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Gluten Free or Healthy? Why Not Have Both!

In the media, grocery stores, magazines and even T.V. shows gluten free has become all the rage. Singers, actresses and even doctors are on board. But why? Because it is healthier? Think again. It is important to know that there is a difference between being gluten free and healthy.

First, we’ll break down the concept that eating gluten free is automatically healthier and explain why this is not the case. Then we’ll explain where this perception came from and lastly we will tell you how to live a gluten free lifestyle in a healthy way, if in fact it’s right for you.

So, one does not classify the other, in other words, eating gluten free does not mean that you are eating a healthier diet. There are ways to be healthier while eating a gluten free diet but this involves eating clean, fresh ingredients, avoiding processed sugars and carbohydrates and watching portion sizes not just eating anything labeled GF off the grocery store shelf.

The perception of eating gluten free to be healthy came up this past year as one of the newest, widely used fad diets. But why? Because some people tried it, said they lost weight and felt good, and then it was recommended to you? I suggest that at this very moment, you decide what made you think about or try a gluten free diet and then read carefully: Only 1% of the population has actually been estimated to have celiac disease and on the other hand only 6% have been estimated to have non celiac gluten intolerance. So how do we spend over 6 billion dollars on gluten free products a year? Eating gluten free is “healthier right?” So with that being said, listen to this: 46% of that 6 billion dollars is being spent on confectionary products and another 20% is being spent on processed snacks. The kicker is that the biggest motivation behind buying gluten free products was said to be that it was healthier. . .how is buying confectionary and processed foods healthier?

The perception of a gluten free diet being a healthier option comes mostly from the same place all the other diets come from: the media. I realize as busy individuals and families we don’t always have the time to research and look into something that sounds too good to be true. And that’s why I am here to help you now. It is important to know the in’s and out’s of a gluten free diet and how it can work for you if it’s right.

Gluten free means eliminating anything containing or made from wheat, barley or rye. For anyone with diagnosed celiac disease, you know this is not always an easy feat. Buying anything processed becomes an issue, eating out is nearly impossible and forget family or social dinners when you aren’t the one cooking! Nearly all processed foods contain one of or a combination of these ingredients. Now, you are probably thinking well if it is processed and labeled gluten free, why can’t I eat it? I’m not saying you can’t eat it, I just want you to think about a few things before you stock your pantry with gluten free items.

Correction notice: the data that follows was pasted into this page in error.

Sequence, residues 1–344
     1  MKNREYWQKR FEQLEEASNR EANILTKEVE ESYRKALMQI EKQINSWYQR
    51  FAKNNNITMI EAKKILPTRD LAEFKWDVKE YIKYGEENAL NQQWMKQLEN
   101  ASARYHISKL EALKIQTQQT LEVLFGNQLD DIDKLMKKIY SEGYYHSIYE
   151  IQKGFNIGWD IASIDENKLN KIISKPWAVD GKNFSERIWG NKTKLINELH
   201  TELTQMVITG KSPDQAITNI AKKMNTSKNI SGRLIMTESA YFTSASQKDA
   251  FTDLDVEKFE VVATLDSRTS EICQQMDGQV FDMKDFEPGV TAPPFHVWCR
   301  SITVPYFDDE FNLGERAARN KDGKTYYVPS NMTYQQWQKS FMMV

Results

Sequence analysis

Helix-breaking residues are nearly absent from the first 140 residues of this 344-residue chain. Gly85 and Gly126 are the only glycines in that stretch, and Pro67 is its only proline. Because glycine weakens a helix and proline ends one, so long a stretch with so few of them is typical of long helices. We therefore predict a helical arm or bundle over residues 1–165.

Gluten is a protein found in most baked goods and bread products. This protein creates elasticity in yeast dough’s and breads and allows the dough to stretch when gases are released from the yeast, giving it that chewy, moist, airy texture. Without this gluten, the dough does not rise and most products result in a dry, crumbly and dense product. To counteract this gluten free issue another ingredient is added: this being fat. If you read the label on your favorite gluten free product and compare it to that of a non gluten free product you will probably find that calorie wise it is similar and the fat content of the gluten free product is at least slightly higher. So tell me again, why is the gluten free product healthier? I’d like a valid explanation of this.

I can understand your disappointment in reading this but I can tell you from experience, eating gluten free doesn’t have to be full of processed foods to be easy, fast or healthy. The best way for you to be nutritionally balanced while being gluten free is to eat fresh, raw ingredients and grains that you have prepared yourself. There are options such as gluten free oatmeal or quinoa that you can cook up for breakfast with your favorite fruit, some organic plain yogurt and a drizzle of honey or how about a quinoa salad packed with vegetables and your favorite vinaigrette for lunch. Dinner can be as simple as grilled fish, green veggies and a baked sweet potato. All this delicious whole food at a small, satisfying price.

Eating gluten free doesn’t have to be hard or expensive. Just remember that getting tested for gluten sensitivities is the best way to determine if it is necessary for you to avoid it. Also remember that eating gluten free off the shelf is not healthier than eating good whole and organic foods.

For more information about being tested for gluten sensitivity and living a gluten free life, please feel free to contact us at any time. We’d love to hear from you!

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